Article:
# Java Imposible puzzler [closed]

Anyone can get the equation for this? I couldn't

``````class Calculator {
public int count = 0;
public void calc(int n, int p) {
count++;
if (p>n) return;
for (int i=0; i<n; i++) {
calc(n, p+1);
}
}
}

// int n is input by keyboard
Calculator c = new Calculator();
c.calc(n, 0);
System.out.println(c.count);
``````

Anybody with the equation or any information ... thanks

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## closed as not a real question by Sean Patrick Floyd, Brian Roach, bmargulies, Brad Larson♦, John SaundersApr 15 '11 at 20:27

It's difficult to tell what is being asked here. This question is ambiguous, vague, incomplete, overly broad, or rhetorical and cannot be reasonably answered in its current form. For help clarifying this question so that it can be reopened, visit the help center. If this question can be reworded to fit the rules in the help center, please edit the question.

I don't understand your question. –  Etienne de Martel Apr 14 '11 at 16:57
What "equation"? –  Joseph Weissman Apr 14 '11 at 16:58
Sure looks like Homework. Hint: It is two different ways to do iterations. Work it out for some small numbers of n. Also, the equation is a very simple expression. –  Captain Giraffe Apr 14 '11 at 17:00

## 2 Answers

The `count` is incremented once and then calc is called `n` times, this recurses `1 + n` times due to the `p > n` test. BTW If it were `p >= n` it would recurse `n` times.

The equation is

``````1 + n * (1 + n * ... (1 + n))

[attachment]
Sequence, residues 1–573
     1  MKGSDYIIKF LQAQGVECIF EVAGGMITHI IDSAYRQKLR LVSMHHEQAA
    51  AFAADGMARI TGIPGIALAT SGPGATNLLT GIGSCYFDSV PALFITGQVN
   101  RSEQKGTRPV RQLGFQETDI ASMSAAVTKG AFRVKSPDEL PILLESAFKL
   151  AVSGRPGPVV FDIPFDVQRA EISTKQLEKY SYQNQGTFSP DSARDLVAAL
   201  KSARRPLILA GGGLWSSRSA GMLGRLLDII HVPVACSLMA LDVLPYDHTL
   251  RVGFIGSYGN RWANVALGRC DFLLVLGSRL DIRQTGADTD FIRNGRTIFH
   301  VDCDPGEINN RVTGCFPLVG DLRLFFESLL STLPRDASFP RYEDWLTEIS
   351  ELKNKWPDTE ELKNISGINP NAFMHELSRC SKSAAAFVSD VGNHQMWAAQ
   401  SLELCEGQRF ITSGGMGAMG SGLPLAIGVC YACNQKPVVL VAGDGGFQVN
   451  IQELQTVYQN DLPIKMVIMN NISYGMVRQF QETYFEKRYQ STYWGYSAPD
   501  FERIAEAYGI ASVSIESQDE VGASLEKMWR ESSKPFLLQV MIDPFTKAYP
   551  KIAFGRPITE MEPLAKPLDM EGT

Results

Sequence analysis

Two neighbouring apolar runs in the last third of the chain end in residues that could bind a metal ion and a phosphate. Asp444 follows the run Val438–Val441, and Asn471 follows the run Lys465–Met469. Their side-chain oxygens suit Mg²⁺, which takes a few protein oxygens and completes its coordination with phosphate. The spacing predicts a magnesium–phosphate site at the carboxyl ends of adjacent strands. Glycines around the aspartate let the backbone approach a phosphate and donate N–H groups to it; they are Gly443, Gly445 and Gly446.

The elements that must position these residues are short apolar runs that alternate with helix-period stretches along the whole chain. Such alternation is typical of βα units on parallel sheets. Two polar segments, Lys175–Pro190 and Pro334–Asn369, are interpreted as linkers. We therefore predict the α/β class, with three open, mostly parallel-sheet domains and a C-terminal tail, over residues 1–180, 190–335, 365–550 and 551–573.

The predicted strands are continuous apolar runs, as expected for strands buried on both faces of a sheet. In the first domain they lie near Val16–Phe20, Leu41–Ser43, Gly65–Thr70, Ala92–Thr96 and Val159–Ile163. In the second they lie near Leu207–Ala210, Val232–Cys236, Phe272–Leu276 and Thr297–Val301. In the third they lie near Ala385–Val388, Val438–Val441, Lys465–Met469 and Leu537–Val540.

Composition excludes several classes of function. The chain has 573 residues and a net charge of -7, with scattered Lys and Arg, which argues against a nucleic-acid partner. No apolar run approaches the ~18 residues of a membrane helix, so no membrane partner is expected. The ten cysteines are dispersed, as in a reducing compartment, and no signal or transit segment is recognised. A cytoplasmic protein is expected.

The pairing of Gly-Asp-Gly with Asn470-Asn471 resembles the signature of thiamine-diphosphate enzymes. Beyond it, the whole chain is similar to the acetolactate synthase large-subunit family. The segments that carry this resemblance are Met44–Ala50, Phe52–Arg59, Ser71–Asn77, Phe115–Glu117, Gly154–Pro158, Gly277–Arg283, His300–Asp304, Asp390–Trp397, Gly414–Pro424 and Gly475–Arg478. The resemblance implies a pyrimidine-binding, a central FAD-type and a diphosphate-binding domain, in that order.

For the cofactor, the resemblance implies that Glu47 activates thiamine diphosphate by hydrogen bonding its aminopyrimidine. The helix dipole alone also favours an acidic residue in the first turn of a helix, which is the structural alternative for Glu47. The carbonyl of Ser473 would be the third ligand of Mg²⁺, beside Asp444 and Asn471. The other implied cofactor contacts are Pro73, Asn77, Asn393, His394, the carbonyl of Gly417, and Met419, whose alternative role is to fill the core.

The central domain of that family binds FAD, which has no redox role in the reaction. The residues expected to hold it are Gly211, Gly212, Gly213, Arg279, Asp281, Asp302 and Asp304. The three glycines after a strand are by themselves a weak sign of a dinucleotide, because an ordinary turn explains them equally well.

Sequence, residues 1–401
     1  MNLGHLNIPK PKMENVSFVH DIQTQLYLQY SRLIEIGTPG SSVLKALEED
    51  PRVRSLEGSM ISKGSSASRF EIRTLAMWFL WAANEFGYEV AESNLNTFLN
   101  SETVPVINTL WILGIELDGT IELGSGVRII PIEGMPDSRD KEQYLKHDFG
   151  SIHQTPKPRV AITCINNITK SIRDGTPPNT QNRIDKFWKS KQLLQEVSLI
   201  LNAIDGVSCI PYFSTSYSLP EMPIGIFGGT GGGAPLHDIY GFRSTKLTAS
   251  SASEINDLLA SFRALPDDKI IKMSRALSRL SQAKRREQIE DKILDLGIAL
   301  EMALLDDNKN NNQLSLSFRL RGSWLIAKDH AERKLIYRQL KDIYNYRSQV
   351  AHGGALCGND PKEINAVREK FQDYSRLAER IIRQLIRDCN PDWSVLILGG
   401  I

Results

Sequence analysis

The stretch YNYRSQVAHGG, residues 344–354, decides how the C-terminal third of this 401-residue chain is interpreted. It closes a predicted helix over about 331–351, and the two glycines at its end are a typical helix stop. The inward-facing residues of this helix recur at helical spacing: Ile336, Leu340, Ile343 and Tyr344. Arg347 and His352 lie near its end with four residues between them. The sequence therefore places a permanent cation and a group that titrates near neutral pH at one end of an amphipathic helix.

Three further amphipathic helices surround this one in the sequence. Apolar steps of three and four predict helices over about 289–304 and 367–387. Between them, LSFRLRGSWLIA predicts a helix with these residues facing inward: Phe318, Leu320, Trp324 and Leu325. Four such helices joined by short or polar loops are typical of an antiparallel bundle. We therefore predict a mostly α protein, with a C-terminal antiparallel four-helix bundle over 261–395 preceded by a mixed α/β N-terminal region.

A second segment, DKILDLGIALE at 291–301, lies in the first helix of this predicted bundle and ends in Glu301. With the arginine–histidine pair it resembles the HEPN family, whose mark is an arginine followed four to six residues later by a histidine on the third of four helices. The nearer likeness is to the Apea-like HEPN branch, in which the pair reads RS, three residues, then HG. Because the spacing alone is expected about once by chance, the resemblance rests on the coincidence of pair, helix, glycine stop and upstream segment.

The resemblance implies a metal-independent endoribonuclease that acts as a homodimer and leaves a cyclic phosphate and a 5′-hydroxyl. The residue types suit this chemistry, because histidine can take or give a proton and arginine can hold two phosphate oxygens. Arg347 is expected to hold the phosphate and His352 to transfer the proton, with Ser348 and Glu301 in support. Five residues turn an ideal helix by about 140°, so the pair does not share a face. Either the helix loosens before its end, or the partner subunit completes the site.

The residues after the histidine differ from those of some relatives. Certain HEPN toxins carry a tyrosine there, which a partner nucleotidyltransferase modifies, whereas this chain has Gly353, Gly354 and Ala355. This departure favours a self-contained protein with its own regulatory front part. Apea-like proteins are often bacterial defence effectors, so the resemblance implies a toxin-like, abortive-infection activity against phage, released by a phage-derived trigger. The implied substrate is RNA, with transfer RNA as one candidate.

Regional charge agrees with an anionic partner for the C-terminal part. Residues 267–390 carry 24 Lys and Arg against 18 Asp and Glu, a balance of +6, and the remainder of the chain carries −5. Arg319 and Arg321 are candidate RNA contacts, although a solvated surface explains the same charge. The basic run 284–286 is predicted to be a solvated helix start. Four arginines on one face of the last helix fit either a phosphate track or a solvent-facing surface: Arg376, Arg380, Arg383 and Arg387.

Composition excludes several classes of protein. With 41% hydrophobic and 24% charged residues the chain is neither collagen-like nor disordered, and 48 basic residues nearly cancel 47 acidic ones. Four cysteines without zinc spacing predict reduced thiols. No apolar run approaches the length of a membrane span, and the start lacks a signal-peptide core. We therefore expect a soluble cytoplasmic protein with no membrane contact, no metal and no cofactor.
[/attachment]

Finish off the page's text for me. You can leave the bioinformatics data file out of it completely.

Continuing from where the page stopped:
``````

where the expression `1 + n` appears `1 + n` times.

e.g. calc(3,0) = 121 =

``````1 + 3 * (1 + 3 * (1 + 3 * (1 + 3)))
``````
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this is correct, beat me to it –  Richard H Apr 14 '11 at 17:14
@Richard, by at least 2 seconds. ;) –  Peter Lawrey Apr 14 '11 at 17:15

I think this will call

``````calc(n, 1); // this tree will appear n times
calc(n, 2); // this tree will appear n times
calc(n, 3) // this tree will appear n times
.
.
calc(n, n+1) // this call will appear n times
``````

Each invocation of `calc` will increment `count`. Calclating the number of calls is equivalent to calculating the number of nodes of a complete n-ary tree of height `n+2` (the root of this tree represents the call `c.calc(n, 0)`). So I think the solution is

``````count = n^0 + n^1 + n^2 + ... + n^n + n^(n+1)
``````
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The count for n = 3 is 121, n = 4 is 1365. –  Peter Lawrey Apr 14 '11 at 17:26
@Peter you are right, my formula for calculating the count of nodes was wrong :) Now it's correct. –  Johannes Schaub - litb Apr 14 '11 at 17:38